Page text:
The Australian Securities Investment Commission (ASIC)

ASIC is a statutory authority established by the Australian Securities and Investments Commission Act 2001 (ASIC Act). ASIC is funded by the Commonwealth, and also collects fees and charges, which is returned to the consolidated revenue fund. During 2005-06 ASIC raised $543 million in fees and charges, and had an expenditure of $218 million.6 The ASIC Act requires ASIC to:

• uphold the law uniformly, effectively and quickly

• promote confident and informed participation by investors and consumers in the financial system

• make information about companies and other bodies available to the public, and

• improve the performance of the financial system and the entities within it. 7

ASIC is currently a CAC Act body, but is prescribed as an FMA Act agency for the purposes of the public money that it holds.8

The Corporations and Markets Advisory Committee (CAMAC)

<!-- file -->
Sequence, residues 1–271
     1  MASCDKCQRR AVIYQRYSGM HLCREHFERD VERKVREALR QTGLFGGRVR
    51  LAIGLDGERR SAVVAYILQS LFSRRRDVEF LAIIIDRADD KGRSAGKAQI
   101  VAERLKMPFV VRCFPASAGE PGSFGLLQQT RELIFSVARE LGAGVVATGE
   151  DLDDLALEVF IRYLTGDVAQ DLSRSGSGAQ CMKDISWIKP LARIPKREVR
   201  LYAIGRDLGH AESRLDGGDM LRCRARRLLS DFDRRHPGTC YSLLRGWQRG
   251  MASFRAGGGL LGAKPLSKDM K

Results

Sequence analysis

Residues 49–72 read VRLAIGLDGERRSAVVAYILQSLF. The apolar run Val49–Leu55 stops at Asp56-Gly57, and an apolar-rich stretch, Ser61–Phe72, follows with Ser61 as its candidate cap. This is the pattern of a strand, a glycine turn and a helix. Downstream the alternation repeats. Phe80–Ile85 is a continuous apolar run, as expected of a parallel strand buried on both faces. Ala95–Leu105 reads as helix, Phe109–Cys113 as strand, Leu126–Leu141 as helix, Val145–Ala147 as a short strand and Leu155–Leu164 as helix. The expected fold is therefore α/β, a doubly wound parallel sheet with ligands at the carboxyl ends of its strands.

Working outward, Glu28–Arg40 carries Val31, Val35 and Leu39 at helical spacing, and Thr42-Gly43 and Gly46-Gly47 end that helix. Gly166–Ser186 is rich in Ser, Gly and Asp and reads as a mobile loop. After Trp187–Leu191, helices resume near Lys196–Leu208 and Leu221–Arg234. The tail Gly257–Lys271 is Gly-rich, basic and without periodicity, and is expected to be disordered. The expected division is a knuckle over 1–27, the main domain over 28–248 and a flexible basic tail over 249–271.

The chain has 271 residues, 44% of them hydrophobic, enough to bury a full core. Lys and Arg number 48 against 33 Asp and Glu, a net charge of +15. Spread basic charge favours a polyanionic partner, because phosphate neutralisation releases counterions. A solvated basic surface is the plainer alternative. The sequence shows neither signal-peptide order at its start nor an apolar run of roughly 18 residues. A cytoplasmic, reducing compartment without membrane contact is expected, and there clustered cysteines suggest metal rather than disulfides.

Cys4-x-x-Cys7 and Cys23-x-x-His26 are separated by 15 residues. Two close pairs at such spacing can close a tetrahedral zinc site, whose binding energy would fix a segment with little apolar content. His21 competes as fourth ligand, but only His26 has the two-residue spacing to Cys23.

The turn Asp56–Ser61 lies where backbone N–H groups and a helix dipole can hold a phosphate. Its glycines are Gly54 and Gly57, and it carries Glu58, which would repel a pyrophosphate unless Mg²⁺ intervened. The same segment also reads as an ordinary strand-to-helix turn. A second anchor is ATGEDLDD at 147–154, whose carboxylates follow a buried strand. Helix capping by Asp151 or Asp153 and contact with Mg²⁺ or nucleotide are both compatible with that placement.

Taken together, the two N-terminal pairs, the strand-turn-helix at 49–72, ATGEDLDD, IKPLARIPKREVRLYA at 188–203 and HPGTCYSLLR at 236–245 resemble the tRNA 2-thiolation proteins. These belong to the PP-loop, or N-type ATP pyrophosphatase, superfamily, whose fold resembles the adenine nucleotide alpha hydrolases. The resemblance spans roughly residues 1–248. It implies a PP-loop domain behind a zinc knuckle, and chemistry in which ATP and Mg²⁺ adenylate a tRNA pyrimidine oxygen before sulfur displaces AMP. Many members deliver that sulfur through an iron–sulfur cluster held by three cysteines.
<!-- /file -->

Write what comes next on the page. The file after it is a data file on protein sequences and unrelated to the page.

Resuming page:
CAMAC is a statutory authority under section 146 of the ASIC Act. Prior to March 2002, it was known as the Companies and Securities Advisory Committee (CASAC). CAMAC comprises part-time members appointed by the Treasurer. The Chairman of ASIC is a member of the Committee by virtue of s. 147 of the ASIC Act.

Subsection 148(1) of the ASIC Act sets out CAMAC’s functions which are, on its own initiative or when requested by the Minister, to advise the Minister, and to make to the Minister such recommendations as the Committee thinks fit, about any matter connected with:

(a) a proposal to make corporations legislation or to amend that legislation

(b) the operation or administration of that legislation